The term “super utilizers” has recently brought attention to the plight of people whose complex health conditions — mental health and physical health — lead to extremely high levels of health care and other service use, such as jails and homeless services, which ultimately fail to improve their health.
We applaud policymakers for developing ground-breaking legislation to address these needs with evidence-based, intensive care (Senate Bill 292, filed jointly by Sens. Joan Huffman, R-Houston, Jane Nelson, R-Flower Mound, and Charles Schwertner, R-Georgetown, is one great example).
At the same time, health services researchers and the health care industry more broadly must also begin to consider the effect of the language we use on the people we are trying to help. As helpful as this research has been, we believe that language that fails to be respectful — i.e. to put the person first — is harmful.
Can anyone imagine referring to a loved one desperately seeking care for a child born prematurely, a spouse with stage four cancer or a parent in need of an organ transplant as a “super-utilizer”, even though the costs of treating these conditions are generally much higher? Of course not — and two reasons for that stand out starkly. First, premature birth, cancer, and organ failure are not as stigmatized by society — we don’t blame or shun the person seeking such care. Second, treatment systems are better organized to apply the best care available in these situations. Neither of these statements is true for people with severe mental health needs.
As busy professionals working hard to improve our mental health systems, we are often tempted to readily use any memorable catch-all term to get a key point across. But at the Hogg Foundation for Mental Health and the Meadows Mental Health Policy Institute, our core values as organizations that are trying to create meaningful change also demand our awareness of how neutral-seeming language can stigmatize the very people we are trying to help.
Mental health services are too often delivered years after symptoms emerge, and a lack of early, assertive care too often results in readily treatable disorders metastasizing into complex, chronic health conditions that mire individuals and health systems in expensive and ineffective care.
Fortunately, rigorous recent studies have identified opportunities to better serve these people by intervening earlier and more intensively with evidence-based care. However, these same studies, albeit with the best intentions, often also refer to a subset of people with complex health conditions as "utilizers" of various types—"high," "super," "frequent," etc.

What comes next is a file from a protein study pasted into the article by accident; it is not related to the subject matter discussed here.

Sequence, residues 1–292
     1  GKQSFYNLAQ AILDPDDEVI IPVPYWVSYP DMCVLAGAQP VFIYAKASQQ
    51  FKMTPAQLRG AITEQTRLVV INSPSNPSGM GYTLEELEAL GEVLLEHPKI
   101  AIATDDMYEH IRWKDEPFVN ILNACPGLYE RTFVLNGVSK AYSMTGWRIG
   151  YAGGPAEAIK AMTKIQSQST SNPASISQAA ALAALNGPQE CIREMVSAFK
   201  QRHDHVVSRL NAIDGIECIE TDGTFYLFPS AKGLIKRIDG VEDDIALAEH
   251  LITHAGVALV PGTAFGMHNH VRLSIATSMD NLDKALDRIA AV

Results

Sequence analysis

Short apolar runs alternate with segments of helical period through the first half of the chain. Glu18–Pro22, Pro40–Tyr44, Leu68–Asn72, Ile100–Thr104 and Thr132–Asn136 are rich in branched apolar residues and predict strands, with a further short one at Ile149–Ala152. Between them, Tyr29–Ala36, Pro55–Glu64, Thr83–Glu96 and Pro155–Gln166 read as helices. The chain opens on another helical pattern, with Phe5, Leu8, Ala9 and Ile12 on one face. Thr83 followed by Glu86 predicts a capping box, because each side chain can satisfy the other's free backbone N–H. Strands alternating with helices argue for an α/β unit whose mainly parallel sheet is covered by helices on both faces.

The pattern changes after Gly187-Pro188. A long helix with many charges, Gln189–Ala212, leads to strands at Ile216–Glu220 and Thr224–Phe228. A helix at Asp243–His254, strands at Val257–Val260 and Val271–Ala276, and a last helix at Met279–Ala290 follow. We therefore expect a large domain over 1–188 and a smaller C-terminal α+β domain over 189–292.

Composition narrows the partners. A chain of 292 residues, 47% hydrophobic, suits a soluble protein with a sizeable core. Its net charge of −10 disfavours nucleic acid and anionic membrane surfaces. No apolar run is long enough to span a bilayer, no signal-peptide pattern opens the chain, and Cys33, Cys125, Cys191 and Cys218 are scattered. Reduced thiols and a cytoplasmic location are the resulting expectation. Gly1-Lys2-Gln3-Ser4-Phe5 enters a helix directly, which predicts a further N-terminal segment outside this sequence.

Convenient as these terms are, they also have the effect of reducing human beings to their service needs. We consider this trade-off — convenience in return for further dehumanizing an already stigmatized population — unacceptable.
The Hogg Foundation for Mental Health and the Meadows Mental Health Policy Institute reject any language that refers to people by the costs or level of their service needs. This includes language that is part of important research we have relied on in the past and will need to continue to use. In making use of these findings, we should never do so without recognizing the people who that research is trying to help.
In Texas, we’ve come a long way in using respectful language and recognizing that words matter, but we must remain vigilant. It is absolutely true that individuals with complex conditions need better care, but they shouldn’t be stuck with the label of “users” of the system. We have faith in the ability of smart, caring, hard-working people to develop respectful language that describes the obstinate realities of the health care system without referring to people by their “costs to the system.”
The Hogg Foundation and the Meadows Institute have committed to avoid the use of these terms and instead refer to people more specifically, based on their complex needs. Instead of “super utilizers,” we will talk about "people with complex health needs." We encourage others to do the same. Yes, it is a few more words to type or say, but it turns the lens on what the system needs to do to help an individual work toward recovery and not what the individual “is” in the context of ineffective care.